Over part of the Thanksgiving weekend I was in the Ocala National Forest, holding my breath and smiling as I stalked a pair of Sandhill Cranes with a camera. I was completely happy doing this, and I’d like to thank my late parents for getting me to that moment. I consider myself truly fortunate to have the parents I had, and I see them in myself more and more as I grow older. It is because of their endless creative curiosity and love for the natural world that I am willing to sit motionless, hands numbing, in a dew-soaked canoe, on a misty lake, in 30 degree weather, before sunrise, just to get a photo of a fairly common bird.
It only just now occurred to me how silly this activity may seem to one person—crazy, really— but also how absolutely normal it may be for someone else.
There was so much mist on the lake each morning that I could not see the Sandhills until I got quite close, but I was certain that they would be there. I had watched them start and end each day in a marshy spot of a small central Florida lake. At sunrise they would fly off, to later return just before sunset and land in the same spot, sometimes announcing their arrival with a distinctive “unison” call.
Evolutionists believe Sandhill Cranes, Grus canadensis, are the oldest living bird species, dating back almost 10 million years. Sandhills can grow up to five feet in height and weigh fourteen pounds, and have an average wingspan of five or six feet (the Florida Sandhill is a bit smaller). According to the International Crane Foundation, there are an estimated 650,000 Sandhill Cranes worldwide, but the Florida sub-species, Grus canadensis pratensis, may number about 5000. They are doing well, thanks to habitat conservation, and this is good.
If you have ever heard Sandhills call as they glide overhead on a cool fall day, you’ll probably agree that habitat conservation is good.
Don’t agree? Consider this: There are an estimated 11,000 miles of rivers, streams, and waterways in Florida, and an estimated 7700 lakes that are greater than 10 acres in area (that leaves countless smaller ones). There are more than 370,000 hotel rooms in Florida and over 100,000 campsites, with yearly campers numbering 6 million. Six million campers a year. Six million outdoor nuts are buying groceries, gas, camping gear, sunscreen, insect repellant, batteries... you get it. Six million campers—that’s a lot of marshmallows to roast, and if you’re like my family, the more remote the camp area or small town to roast them in, the better.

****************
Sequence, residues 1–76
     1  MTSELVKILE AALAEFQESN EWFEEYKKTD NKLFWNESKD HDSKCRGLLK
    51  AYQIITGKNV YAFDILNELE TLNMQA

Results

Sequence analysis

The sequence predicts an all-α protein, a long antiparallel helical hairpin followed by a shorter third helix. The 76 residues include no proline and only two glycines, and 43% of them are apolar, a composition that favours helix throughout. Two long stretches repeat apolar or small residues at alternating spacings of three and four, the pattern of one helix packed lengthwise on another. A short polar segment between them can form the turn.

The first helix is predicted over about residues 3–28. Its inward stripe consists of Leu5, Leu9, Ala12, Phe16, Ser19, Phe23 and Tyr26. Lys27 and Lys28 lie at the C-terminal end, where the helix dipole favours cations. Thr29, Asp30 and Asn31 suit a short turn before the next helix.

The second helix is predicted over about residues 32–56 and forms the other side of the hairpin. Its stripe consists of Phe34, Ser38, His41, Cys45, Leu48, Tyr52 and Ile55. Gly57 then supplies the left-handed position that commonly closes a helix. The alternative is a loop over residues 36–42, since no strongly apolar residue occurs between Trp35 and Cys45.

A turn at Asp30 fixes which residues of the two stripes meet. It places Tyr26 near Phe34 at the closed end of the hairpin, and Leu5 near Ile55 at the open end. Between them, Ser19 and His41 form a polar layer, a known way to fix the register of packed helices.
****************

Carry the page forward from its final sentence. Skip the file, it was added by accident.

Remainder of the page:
Crazy people who sit in canoes and photograph birds are necessary for Florida’s economy to thrive year-round, and those door-buster Black Friday camp-outs in the Wal-Mart parking lot only happen once a year. So, not so crazy.
Back into the canoe in that small central Florida lake on that cold morning: My particular mating pair of cranes were hard to approach on the first day but I got closer on the second day after earning a little more of their trust. I was also more cautious the second day, moving slowly, waiting until they lowered their heads to preen themselves so I could inch my canoe closer. It was a game of patience, and I was all too happy to play the game. After all, the birds had an agenda, but I did not.
Sandhill Cranes are graceful but funny. If you get too close they will suddenly fly off in a bustle of wings and gangly legs, or they will simply walk a little farther away, casting a backward glance at you while they do. They would periodically stick their heads up, stretching up to their full height as they reacted to a snapping branch in the forest or a barking dog in someone’s far-off yard.
After grazing in the shallows and preening their feathers, and tolerating the snap-snap of my camera just long enough, my particular cranes suddenly stood up, faced each other and used what I have learned is a “contact call”, then abruptly took off after a short taxi down a mushy runway. The potential parents made a wide departing arc through the mist around me. Oh well.
Game over, time for hot tea and maybe a marshmallow, if there are any left. And yes mom, I know that's not a healthy breakfast, but thanks.
Thanks to the International Crane Foundation for the use of its information. To hear the sounds of the Sandhill, click the link to their web site here.
November 27th, 2012